Friday, September 28, 2007

The Priorities of our "Reading" Public

Given my general preference for reading books that have withstood some test of time, I have never been a great fan of the New York Times best-sellers list. The Fiction column rarely interests me, and most of the Non-Fiction entries are fluff. Nevertheless, Reuters reporter Steve Gorman decided there was a story in the latest version of the Non-Fiction list; and he may have a point, since, if nothing else, the top three entries may tell us more about our national priorities than many of the more methodical polling systems. Let's take those three entries "from the top," as the say:

  1. The top slot is currently held by Alan Greenspan's The Age of Turbulence. My guess is that most of the people buying this book never listened to any of Greenspan's Congressional testimonies, nor do they know very much about either the why or the how of the Federal Reserve, let alone Greenspan's policies in running it. Nevertheless, the word quickly got out that this would be a "tell-all" book that had a lot to say about our current President; and that seemed to be enough to make Greenspan as much a center attention as he was when the fate of our monetary supply was in his hands.
  2. Coming in behind Greenspan is O. J. Simpson with If I Did It. I suppose you could call this a "subjunctive tell-all book." It had one of the longer build-ups in public relations history, primarily because there was a whole to-do over whether or not the book should actually be released to the public. That was enough to get the general public to lap it up once it went on sale.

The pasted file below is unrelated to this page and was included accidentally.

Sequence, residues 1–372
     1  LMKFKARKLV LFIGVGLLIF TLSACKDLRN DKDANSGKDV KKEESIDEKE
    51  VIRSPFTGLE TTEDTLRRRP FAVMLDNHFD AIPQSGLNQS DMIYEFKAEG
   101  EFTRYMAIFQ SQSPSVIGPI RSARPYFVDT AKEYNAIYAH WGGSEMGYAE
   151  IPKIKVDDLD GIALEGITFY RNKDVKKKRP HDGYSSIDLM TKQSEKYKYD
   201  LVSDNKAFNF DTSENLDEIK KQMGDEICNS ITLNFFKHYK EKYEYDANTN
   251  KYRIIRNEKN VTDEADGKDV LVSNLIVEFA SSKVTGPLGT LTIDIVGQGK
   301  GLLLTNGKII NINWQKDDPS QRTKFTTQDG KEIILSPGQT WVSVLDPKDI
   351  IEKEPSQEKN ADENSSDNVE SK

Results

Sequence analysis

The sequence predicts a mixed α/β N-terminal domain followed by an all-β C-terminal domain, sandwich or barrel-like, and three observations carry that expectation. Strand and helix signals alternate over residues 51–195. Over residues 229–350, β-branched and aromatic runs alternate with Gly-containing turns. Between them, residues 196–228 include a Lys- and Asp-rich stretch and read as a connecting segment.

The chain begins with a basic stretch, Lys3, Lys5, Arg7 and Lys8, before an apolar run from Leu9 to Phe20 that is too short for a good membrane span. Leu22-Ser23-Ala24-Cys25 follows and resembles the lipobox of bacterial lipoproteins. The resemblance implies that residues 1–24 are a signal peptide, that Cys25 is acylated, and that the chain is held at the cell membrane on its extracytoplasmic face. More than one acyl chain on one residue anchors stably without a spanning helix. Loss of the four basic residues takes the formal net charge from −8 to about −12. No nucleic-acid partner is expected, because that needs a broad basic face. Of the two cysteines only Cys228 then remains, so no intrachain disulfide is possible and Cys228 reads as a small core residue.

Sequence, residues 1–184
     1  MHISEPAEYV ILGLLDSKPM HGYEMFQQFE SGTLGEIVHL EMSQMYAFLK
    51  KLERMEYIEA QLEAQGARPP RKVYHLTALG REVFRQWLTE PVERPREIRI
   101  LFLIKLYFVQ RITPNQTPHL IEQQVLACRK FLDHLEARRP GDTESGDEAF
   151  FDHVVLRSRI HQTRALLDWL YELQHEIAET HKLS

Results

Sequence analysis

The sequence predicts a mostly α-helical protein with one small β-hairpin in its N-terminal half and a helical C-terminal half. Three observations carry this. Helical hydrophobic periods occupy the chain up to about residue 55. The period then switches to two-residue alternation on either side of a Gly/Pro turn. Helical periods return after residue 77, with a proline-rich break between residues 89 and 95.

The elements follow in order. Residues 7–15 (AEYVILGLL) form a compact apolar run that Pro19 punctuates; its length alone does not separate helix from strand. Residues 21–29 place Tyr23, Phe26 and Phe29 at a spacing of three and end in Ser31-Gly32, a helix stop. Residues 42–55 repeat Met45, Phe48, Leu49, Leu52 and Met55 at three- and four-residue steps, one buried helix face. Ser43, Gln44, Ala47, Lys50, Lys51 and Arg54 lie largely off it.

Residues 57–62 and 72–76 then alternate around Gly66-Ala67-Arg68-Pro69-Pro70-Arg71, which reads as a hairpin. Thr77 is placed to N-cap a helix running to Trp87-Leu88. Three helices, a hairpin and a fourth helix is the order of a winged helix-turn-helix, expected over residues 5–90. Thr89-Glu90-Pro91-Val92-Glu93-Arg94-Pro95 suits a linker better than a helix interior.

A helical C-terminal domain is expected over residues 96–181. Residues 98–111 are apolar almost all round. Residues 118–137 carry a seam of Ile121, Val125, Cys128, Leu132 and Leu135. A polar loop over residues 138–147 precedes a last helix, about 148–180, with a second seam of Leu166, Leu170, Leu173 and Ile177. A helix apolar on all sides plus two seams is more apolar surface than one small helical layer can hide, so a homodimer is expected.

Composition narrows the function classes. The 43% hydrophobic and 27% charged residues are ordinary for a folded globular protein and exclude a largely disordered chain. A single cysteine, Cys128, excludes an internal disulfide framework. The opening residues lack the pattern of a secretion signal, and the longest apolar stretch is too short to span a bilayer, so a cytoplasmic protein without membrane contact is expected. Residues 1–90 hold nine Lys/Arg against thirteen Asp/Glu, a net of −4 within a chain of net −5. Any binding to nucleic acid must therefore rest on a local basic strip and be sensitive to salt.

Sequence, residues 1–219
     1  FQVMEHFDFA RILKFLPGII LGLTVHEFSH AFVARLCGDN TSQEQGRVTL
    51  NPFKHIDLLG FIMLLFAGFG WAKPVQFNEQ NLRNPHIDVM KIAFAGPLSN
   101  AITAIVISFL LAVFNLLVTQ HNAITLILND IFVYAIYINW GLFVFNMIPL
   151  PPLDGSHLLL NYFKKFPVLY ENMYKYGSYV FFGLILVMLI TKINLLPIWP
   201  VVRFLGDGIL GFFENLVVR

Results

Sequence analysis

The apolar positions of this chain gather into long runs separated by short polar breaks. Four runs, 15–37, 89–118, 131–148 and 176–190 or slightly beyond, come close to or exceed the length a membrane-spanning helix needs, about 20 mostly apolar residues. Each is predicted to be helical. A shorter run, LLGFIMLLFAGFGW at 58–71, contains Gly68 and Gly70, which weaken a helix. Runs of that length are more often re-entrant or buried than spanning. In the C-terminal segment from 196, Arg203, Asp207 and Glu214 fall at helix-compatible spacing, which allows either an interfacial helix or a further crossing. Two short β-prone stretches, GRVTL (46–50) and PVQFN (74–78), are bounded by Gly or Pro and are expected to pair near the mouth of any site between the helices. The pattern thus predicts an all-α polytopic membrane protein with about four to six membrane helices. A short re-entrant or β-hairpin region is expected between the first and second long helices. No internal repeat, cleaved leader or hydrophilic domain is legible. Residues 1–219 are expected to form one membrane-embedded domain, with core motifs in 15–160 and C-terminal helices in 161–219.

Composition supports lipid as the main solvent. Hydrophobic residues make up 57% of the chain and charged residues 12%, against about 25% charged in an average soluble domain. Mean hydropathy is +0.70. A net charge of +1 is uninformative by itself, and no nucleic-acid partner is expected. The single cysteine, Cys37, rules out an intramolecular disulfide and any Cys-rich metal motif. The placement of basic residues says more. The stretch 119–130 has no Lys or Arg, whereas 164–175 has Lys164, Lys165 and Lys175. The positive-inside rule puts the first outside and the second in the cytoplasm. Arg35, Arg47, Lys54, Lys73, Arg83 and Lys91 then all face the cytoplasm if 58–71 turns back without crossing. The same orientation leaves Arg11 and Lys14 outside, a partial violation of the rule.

3. Behind O. J. we find Bill Clinton's Giving book. As non-fiction books go, this is definitely the most informative of the bunch. It is even bold enough to recommend an altruistic life-style that can be realized without seriously disrupting one's budget or time. It definitely provides more opportunities for serious reflection that O. J. does and is probably easier to negotiate than Greenspan's text. Could it be that the lower priority has something to do with what the title says about the subject matter?

Of course the Times list says nothing about what people are actually reading. These are books to be set out on the coffee table to identify their owner as a thinking individual who has time for serious reading matter, which is to say that these all serve the purpose of cheap set dressing. In that respect I suspect many will use the overt display of Clinton's book as an excuse for not having the time to heed any of its lessons. Clinton should have known better. He could just as easily have produced a reality television program that could have been kick-started with the examples cited in his manuscript! What if people watching that program started thinking about what they could do to appear on subsequent episodes? That would be a concept!

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